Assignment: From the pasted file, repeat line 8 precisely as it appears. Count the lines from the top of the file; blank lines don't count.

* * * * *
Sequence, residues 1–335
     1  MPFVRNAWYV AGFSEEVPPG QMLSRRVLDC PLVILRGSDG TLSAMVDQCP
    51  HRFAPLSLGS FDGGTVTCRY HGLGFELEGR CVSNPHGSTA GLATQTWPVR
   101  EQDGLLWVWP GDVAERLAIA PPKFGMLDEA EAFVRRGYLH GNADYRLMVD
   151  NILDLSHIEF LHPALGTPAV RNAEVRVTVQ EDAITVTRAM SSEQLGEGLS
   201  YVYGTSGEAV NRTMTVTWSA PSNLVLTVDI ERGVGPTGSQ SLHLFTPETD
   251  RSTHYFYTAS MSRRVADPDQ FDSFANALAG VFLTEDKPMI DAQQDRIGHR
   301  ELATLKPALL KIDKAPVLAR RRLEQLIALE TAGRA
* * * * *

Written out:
   301  ELATLKPALL KIDKAPVLAR RRLEQLIALE TAGRA